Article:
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Himachal Pradesh

Himachal Pradesh, known for its rich natural heritage, is amongst the top tourist destinations in the country, both for national as well as international visitors. Recent estimates, place the number at about 160 lakh visitors –more than twice the State`s population. However, much of the tourism related activity is concentrated in four major locations, Shimla, Manali, Dharamshala and Dalhousie.

A majority of the visitors do not get an opportunity to experience the rich bio-cultural diversity contained in the many Forest areas, Sanctuaries and National Parks that comprise such a large part of Himachal Pradesh. The Forest Department of Himachal Pradesh framed an Eco-tourism policy during 2005 to enable tourist to experience this national heritage. The policy needed revision mainly due to the procedural requirements of obtaining clearance of Eco-tourism sites under Forest Conservation Act, 1980 as per guidelines of the Ministry of Environment, Forest & Climate Change (MoEF&CC), Government of India. Some changes in the existing policy document have also been necessitated in the context of the evolving understanding of Eco-Tourism concepts and principles.

The Revised Eco-Tourism Policy 2016 aims at bringing the wilderness and virgin ecosystems of Himachal Pradesh closer to visitors and at the same time ensure adequate safeguards and systems for the protection and conservation of these natural resources. By involving local communities, the policy would help in increased livelihood opportunities as well as their involvement in awareness building, protection and conservation.

It also envisages generation of financial returns which can be ploughed back into proper up keep and maintenance of the environment. It shall also promote greater understanding and appreciation for natural and cultural heritage. The ongoing Eco-Tourism projects also need to be re-looked at and reviewed in view of the Central Ministry’s guidelines on Eco-Tourism. It may be necessary to evaluate the on-going projects in order to decide on their further continuation after the culmination of the term of these projects.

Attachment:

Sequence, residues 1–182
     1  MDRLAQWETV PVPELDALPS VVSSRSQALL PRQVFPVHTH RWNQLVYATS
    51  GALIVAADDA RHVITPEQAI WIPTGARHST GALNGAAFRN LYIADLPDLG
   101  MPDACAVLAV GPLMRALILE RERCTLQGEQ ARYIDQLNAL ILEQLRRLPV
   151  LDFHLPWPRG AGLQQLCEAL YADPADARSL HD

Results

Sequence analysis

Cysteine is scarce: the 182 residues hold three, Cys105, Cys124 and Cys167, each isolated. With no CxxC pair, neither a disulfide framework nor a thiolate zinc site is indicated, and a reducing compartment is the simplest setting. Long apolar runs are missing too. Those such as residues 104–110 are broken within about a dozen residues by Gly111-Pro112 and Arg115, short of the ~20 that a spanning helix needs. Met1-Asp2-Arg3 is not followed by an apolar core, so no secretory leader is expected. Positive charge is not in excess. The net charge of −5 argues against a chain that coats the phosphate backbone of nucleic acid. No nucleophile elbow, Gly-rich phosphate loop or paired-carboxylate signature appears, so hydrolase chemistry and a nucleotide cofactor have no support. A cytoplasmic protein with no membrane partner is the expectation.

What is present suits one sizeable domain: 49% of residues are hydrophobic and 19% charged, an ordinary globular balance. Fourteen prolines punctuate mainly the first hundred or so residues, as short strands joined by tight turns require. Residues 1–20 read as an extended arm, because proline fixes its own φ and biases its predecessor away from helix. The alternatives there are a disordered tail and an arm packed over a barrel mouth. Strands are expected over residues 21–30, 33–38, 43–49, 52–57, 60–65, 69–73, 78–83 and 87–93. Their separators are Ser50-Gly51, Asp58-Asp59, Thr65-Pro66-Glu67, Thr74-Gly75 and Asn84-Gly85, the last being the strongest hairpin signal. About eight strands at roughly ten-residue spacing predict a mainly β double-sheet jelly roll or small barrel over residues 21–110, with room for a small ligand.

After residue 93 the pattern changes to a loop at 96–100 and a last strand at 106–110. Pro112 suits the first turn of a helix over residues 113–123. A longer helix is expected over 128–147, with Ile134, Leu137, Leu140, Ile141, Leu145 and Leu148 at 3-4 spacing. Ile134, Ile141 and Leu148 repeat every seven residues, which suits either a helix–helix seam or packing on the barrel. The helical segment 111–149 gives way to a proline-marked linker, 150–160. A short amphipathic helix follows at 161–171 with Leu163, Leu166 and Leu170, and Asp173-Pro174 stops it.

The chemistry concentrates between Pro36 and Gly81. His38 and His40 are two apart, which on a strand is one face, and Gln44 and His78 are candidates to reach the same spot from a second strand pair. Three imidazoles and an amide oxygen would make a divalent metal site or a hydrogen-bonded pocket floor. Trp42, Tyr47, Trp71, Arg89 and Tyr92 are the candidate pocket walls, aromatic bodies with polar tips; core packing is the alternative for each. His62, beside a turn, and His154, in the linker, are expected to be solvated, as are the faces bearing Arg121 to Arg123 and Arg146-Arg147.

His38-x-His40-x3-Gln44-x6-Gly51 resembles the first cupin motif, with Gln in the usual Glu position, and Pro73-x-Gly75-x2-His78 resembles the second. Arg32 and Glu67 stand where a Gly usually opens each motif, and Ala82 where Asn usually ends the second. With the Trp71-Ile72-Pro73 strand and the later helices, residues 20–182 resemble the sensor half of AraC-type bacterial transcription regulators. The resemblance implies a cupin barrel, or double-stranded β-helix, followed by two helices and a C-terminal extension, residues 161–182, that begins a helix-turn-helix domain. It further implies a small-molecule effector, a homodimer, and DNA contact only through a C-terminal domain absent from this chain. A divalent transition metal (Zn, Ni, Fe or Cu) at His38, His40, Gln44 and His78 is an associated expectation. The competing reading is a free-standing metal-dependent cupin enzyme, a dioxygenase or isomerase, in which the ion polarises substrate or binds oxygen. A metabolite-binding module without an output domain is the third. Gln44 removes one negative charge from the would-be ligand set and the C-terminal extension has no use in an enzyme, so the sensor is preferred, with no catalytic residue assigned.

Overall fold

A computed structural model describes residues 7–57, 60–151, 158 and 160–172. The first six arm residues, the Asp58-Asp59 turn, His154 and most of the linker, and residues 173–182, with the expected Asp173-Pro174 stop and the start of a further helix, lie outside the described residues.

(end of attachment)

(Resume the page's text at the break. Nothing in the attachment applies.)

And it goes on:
Himachal Pradesh Forests

The Forests in Himachal Pradesh are known for their grandeur and majesty, like a green pearl in the Himalayan crown. This life supporting systems are presently under great stress due to impact of modern civilization, economic development and growth in human and cattle population.

According to National Forest Policy, 1988, at least two thirds i.e 66 of the geographical area should be under forests in hilly states like Himachal Pradesh. However, keeping in view, that about 20 percent of the area is inaccessible and beyond the tree limit, the State Government aims to bring 50 of the geographical area under forest cover.